Chapter 5

Training of staff and clients is not only a statutory duty of advocates, it is an important tool for developing understanding of and compliance with patients' rights.

Training can be formally organized for groups or can be more informal technical assistance and advice offered in person or by phone or writing on how to handle a specific problem. Working one-to-one or in small groups can be one of the most effective ways of imparting information.

The key to effective training is to make it interesting and relevant to the particular audience. This requires variation in style, language, pacing, emphasis and materials.

A. Steps to Develop an Effective Training

Getting up in front of a group of people to provide a training is a challenging advocacy task. The more trainings you do, the more ease you will have in providing them.

First, make sure that you feel comfortable with your material. Remember that if you don’t know the answer to a question you can always get back to the person later. While you are reviewing your materials, look for potential handouts, case examples and visual aids to use in the training.

Second, assess your audience and their perspective. Identify their interests and incentives and direct your training to meet them. Modify language, examples and instructions according to audience characteristics.

Third, develop an outline for the training. Include the basic material you want to cover, case examples, questions to the audience and points where handouts are distributed. Decide whether or not to allow questions throughout the presentations or after each section. Rehearse the training out loud to yourself if it’s your first time.

Example: For a training on patients’ rights/denial of rights, provide an overview of patients’ rights and the proper procedure for denial. Use the Analysis of Denial of Rights from this manual as handouts. Lead a group discussion through specific rights denials using the handouts to determine if the legal requirements are met. Encourage your audience to share denial of rights situations that they have experienced and analyze them according to the handout. Try to include a client to speak about a denial of rights they experienced or read a client’s statement about the experience.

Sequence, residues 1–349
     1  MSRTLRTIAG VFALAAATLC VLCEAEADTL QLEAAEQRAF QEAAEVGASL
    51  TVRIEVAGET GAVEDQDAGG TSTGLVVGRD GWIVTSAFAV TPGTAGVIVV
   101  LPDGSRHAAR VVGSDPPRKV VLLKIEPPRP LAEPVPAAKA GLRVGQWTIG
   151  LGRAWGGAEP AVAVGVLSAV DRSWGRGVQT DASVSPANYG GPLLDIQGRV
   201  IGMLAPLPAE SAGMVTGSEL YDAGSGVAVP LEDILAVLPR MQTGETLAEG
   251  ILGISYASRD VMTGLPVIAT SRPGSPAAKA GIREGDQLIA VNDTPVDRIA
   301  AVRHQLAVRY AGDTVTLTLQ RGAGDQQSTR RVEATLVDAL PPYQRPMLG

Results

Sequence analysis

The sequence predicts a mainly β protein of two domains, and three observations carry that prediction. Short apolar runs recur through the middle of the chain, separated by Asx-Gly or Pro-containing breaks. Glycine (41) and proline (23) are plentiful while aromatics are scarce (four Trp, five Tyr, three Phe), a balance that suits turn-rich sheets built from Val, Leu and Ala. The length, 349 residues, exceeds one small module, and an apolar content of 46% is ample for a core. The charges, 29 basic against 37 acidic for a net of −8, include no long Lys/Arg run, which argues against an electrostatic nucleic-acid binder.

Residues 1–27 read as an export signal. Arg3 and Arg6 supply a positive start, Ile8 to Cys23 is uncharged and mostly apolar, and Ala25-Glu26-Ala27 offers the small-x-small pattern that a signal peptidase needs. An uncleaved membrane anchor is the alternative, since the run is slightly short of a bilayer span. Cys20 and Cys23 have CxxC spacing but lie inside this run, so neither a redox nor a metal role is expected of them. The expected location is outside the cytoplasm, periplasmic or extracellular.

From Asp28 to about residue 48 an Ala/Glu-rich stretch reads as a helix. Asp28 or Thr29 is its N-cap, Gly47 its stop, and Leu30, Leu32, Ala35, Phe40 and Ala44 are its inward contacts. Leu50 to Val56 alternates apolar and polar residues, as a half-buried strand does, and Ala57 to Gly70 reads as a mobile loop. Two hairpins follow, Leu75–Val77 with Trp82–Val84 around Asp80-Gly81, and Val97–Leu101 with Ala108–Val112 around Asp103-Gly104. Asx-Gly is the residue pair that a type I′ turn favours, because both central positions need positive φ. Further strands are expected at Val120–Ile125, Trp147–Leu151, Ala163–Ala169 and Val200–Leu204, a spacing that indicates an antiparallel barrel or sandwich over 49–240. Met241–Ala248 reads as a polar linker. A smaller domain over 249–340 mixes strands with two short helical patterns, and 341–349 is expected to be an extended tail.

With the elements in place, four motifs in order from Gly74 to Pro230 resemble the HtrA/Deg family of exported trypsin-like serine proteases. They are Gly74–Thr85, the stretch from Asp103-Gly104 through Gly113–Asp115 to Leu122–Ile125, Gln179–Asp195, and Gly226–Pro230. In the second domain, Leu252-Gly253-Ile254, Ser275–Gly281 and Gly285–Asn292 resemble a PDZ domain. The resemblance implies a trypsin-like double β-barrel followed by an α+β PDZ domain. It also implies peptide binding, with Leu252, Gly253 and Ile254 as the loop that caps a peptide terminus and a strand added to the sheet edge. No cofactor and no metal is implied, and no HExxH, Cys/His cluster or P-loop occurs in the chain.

Sample Training Topics

  • The Commitment Process

  • Patients’ Rights: Observance and Denial

  • Informed consent and Capacity Hearings

  • Avoiding Seclusion and Restraint with Less Restrictive Interventions

  • Clients’ Rights to Participate in Assessment and Treatment Planning

  • The Use and Misuse of Mental Health Information

  • Conservatorship: Process and Protections

  • Medical Treatment Decisionmaking

  • B. Client Education and Self Advocacy

    In the same way that advocates promote client information and participation in the provisions of mental health services, they must also work to increase information and participation of clients in advocacy service.

    Advocates must keep their clients fully informed about advocacy activities which are undertaken, about information gathered in the course of advocacy activities and about alternatives, implications of actions and potential outcomes.

    Beyond increasing client participation in the individual advocacy process, advocates must seek to promote peer and self advocacy in their communities. Peer advocacy is clients supporting and assisting each other in advocacy activities. Self advocacy is the client taking on his/her own representation. Both processes recognize that clients’ unique expertise - their experience with the problems they are attempting to resolve and the energy and commitment built through personal experience - are valuable, special qualities of good advocacy work.

    The following is an excerpt from Lori Shepard - "Description of Self Advocacy" Introduction to Self Advocacy (PAI, 1998):